Hunting for Humans in Stockton

Suspected Serial Killer Wesley Brownlee Arrested While Searching for His Next Victim

Joni E. Johnston, Psy. D.
6 min readOct 18, 2022
Wesley Brownlee booking photo, courtesy of Stockton Police Department

Stockton residents have spent the past six months afraid to walk out of their front door. Especially at night. Since April 21, 2022, a man wearing a black mask has gunned down seven seemingly random people in the early morning hours. He shot one in a park; another in an apartment complex’s parking lot. Another victim lay dead inside his parked car. Six people died, and the survivor was seriously injured. Based on ballistics, the same perpetrator was also suspected of shooting and killing a man in Oakland in April 2021.

Here is a timeline of events:

  • April 10, 2021: Juan Vasquez Serrano, 39, was shot multiple times in Oakland, California, at about 4:15 a.m. Three daughters, ages ten to seventeen, are now without a father.
  • April 16, 2021: Forty-six-year-old Natasha LaTour told law enforcement that she was in her tent in Stockton around 3 a.m. when she heard noises and went outside to investigate. Without saying a word to her, a man wearing dark clothes, a hood, and a black face mask shot her several times. She was lucky to survive.
  • July 8, 2022: Thirty-five-year-old Paul Yaw was ambushed at a park. He left behind a young son, William, and a devastated mom.
  • August 11, 2022: Forty-three-year-old Salvador Debudey Jr. was shot in a parking lot just before 10:00 p.m. He was a father of a fourteen-year-old daughter and a wife of twelve years.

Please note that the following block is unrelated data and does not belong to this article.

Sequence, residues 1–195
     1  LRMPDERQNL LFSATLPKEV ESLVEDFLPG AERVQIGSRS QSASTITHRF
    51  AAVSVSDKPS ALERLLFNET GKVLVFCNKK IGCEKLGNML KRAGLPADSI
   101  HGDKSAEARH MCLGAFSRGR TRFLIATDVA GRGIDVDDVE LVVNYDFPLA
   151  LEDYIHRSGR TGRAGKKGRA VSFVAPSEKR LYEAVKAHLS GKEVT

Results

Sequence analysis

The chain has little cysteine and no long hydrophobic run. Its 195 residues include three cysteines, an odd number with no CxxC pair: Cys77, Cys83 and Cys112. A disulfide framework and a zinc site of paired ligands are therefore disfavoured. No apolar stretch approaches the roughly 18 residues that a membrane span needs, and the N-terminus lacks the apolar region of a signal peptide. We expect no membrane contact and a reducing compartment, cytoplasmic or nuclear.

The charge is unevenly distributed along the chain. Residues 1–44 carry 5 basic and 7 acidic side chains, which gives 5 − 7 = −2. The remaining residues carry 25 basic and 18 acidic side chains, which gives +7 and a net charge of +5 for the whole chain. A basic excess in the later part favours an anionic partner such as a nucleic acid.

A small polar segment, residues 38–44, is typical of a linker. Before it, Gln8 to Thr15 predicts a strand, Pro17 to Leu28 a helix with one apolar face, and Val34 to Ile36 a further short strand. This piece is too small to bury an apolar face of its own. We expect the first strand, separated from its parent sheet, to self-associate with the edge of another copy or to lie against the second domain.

• August 30. 2022: Twenty-one-year-old Stockton native Jonathan Hernandez Rodriguez, the youngest victim, was gunned down while sitting inside his car at 6:41 a.m.
  • September 21, 2022: Juan Cruz, 52, was fatally shot in his car at an apartment complex. His devastated mother set up a memorial near the parking spot where he died.
  • September 27, 2022: Fifty-four-year-old Lawrence “Lorenzo” Lopez was shot in a residential area just north of downtown, leaving behind grieving parents and six children aged sixteen to thirty-eight.

Some things about the crimes were consistent. They took place within a relatively small radius of downtown Stockton. All the victims were alone in poorly lit areas with no surveillance cameras when they were murdered. None of the victims were assaulted or beaten.

But why these victims? Investigators struggled to find any connection between the victims. They didn’t know each other. As far as they could tell, they had no shared friends or acquaintances.

Profilers wondered if the connection was more direct; five victims were Hispanic men. Were these hate crimes? Most victims were unhoused. Did he have some kind of vendetta against the homeless? Could these be mission-oriented serial kills, i.e., the motive behind them being the desire to target and eliminate a particular group?

The mystery might soon be over. Around 2:00 a.m. on Saturday, October 15, forty-three-year-old Wesley Brownle e was arrested for the serial shootings in Stockton over the past six months.

During a press conference, Police said the credit for his arrest goes to a combination of “community tips and good, old-fashioned police work.” They also noted that they thought he was trolling for his next victim based on his suspicious behavior the night he was arrested and the fact that he was carrying a gun.

He will be arraigned in court on Tuesday, October 18. He will also likely face charges with the 2021 Oakland murder.

Here’s What We Think We Know About Wesley Brownlee

Brownlee was born in San Francisco. He grew up in an apartment in Oakland until he and his mother moved to Stockton when he was eighteen. His parents lived together on and off for sixteen years but split up when Brownlee was in his early teens.

In May 1994, two weeks before his fifteenth birthday, Brownlee and two other teenagers were hauled into police headquarters on suspicion of sexually assaulting a 14-year-old girl. Brownlee denied involvement in the sexual assault and blamed it on his two friends. His mother supported him, insisting that the victim didn’t finger Brownlee until her second interview with Police. He was never convicted.